• Hi Gigi. Thanks so much for your interesting comments! I think you are spot on in saying that wether the word “filth” fits into the poem or not, depends upon your interpretation of “truth”. It is probably the Buddhist in me that feels the two are not unhappy bedfellows: first because of the emphasis those practises place on acknowledging all the negative inside so that they can be transformed into a positive: and second because in emptiness, there is no ugly or beautiful, all equally emerges from “truth” – it is only our mind that differentiates and creates “filth” by labelling it so. But then again, maybe that is just me! Either way, I appreciate the lively discussion! Take care x

      Sent from my iPad

      • I understand the Buddhist concept.
        After your response (thanks!), I see it as more of a linearity issue (for me); that is, filth was filth (with integrity) but then when it had become a part of truth (by devouring time), truth holding all, filth and non-filth, then it was truth only. Just truth.

  4. Michele, this is a powerful and very well crafted poem even down to the arrow head shape of the verses which conveys the image of falling and bursting and spreading, as well as the piercing by the obsidian shards. Also, I wonder whether you were inspired to write it by the picture or did that just come afterwards?

    • Thank you Malcolm, a very astute comment! I did take some time getting the layout to reflect the descent of the prey in this poem, so I’m happy you thought it added to the impact. In answer to your question, the poem is always first for me, and then I try to find a picture that reflects or adds to it. Thanks so much for taking the time to read and comment 🙂

      Sent from my iPad

  5. Whoa! Talk about intense. This piece is ferocious and unrelenting. It’s as if the reader is your prey, and you drop us into this vat of stark images–and force us to see the beauty there. I am not as brave as you, friend?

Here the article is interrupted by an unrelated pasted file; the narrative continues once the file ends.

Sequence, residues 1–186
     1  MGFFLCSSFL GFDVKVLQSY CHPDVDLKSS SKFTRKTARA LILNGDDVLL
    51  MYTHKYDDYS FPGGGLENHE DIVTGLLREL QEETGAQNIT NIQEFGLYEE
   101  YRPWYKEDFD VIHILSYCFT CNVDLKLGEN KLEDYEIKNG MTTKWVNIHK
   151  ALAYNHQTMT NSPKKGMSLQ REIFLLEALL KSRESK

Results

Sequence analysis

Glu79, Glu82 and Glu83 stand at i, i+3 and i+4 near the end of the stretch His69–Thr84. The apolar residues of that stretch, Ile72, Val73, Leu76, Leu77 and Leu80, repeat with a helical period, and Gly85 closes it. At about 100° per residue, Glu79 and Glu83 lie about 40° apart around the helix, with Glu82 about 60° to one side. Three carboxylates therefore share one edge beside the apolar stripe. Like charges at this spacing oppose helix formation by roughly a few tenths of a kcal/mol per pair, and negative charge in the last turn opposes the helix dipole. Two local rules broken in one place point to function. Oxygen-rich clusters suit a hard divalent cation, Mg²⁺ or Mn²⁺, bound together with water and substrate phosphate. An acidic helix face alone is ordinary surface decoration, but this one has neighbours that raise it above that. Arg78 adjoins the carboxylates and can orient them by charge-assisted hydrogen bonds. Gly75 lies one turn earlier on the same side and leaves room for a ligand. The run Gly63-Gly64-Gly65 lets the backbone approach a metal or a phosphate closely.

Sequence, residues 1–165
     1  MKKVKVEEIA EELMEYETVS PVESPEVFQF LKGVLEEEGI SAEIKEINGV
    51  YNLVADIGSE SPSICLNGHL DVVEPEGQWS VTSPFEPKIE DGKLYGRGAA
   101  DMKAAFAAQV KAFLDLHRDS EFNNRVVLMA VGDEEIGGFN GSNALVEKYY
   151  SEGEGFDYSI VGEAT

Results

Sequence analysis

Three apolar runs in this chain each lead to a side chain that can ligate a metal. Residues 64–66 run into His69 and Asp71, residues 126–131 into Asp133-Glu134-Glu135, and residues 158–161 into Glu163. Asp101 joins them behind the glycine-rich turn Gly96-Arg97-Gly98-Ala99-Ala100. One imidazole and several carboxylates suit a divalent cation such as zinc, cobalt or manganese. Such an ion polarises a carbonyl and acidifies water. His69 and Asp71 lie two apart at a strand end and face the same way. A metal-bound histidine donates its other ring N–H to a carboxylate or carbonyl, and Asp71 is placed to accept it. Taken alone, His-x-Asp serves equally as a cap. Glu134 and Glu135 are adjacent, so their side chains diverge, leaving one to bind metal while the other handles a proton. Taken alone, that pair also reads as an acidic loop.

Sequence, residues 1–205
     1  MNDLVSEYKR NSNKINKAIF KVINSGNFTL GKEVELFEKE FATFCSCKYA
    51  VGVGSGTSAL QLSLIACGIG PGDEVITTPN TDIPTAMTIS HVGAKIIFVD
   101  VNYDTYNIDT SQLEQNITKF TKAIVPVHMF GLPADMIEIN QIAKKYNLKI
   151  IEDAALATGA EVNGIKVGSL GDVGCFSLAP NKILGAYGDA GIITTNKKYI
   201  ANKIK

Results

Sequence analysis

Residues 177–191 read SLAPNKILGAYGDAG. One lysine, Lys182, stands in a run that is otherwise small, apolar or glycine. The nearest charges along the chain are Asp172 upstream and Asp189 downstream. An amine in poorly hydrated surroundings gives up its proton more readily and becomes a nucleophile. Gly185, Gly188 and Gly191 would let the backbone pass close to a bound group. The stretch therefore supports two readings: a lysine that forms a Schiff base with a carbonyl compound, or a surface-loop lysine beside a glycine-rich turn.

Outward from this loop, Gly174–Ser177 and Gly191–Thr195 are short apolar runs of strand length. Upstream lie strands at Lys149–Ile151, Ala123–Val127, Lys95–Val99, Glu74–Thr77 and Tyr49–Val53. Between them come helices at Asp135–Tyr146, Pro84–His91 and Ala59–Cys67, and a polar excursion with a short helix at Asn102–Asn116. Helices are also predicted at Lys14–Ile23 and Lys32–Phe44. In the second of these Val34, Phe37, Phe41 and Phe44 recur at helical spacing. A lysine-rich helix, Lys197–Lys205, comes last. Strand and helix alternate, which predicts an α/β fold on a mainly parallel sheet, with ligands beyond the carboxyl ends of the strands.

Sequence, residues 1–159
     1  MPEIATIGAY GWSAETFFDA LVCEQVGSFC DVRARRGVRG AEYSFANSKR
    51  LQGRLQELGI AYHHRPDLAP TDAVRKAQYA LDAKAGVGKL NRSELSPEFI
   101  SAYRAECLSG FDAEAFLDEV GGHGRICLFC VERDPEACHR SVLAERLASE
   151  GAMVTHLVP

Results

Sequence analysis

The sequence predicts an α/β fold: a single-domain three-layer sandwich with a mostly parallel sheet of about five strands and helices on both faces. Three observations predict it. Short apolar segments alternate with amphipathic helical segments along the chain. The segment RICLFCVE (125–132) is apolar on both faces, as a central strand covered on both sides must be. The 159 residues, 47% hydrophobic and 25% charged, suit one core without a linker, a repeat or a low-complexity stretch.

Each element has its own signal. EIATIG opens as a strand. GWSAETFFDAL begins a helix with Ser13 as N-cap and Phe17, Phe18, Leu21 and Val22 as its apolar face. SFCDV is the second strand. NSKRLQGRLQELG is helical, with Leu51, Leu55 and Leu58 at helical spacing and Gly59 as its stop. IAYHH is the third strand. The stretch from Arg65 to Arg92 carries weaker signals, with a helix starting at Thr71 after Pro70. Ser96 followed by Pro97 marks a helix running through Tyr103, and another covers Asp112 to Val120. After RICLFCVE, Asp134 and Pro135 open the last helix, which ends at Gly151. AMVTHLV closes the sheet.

Don’t tell me who, but did you have someone in mind in the lines where you say “you” in the last 2 stanzas?

  6. I seem to have freaked everybody out with this poem! Perhaps it is what you mention, that I have picked up the reader with me, and taken them on a journey they were not necessarily up for. Whoops!

    The ‘you’ in the last stanzas refers to everybody. I just wanted to express a sense of opening yourself up completely and without discrimination, unreservedly giving to others whatever you have to give. It is a bit brave, isn’t it? Don’t know what got into me! Thanks for reading Michael, take care. 🙂

  7. Fantastic, Michele. I love the pray/prey play on words, and the sentiment here is perfectly expressed for me. I think it works with a frightening intensity. All too rarely experienced perhaps, but when it is – wow!

  8. Captivating poem, Michele. Creating images that were quite unexpected caused me to read your poem over again carefully and think for a while about it. Well done.

  9. Well, this one leaves me breathless. I love that you have grabbed your truth by the throat, dragged it down and ground it into the earth. There is nothing left for this poem to do, but burst into light. Considered the offering… thoroughly devoured.

Leave a Reply

Fill in your details below or click an icon to log in:

WordPress.com Logo

You are commenting using your WordPress.com account. Log Out / Change )

Twitter picture

You are commenting using your Twitter account. Log Out / Change )

Facebook photo

You are commenting using your Facebook account. Log Out / Change )

Google+ photo

You are commenting using your Google+ account. Log Out / Change )

Connecting to %s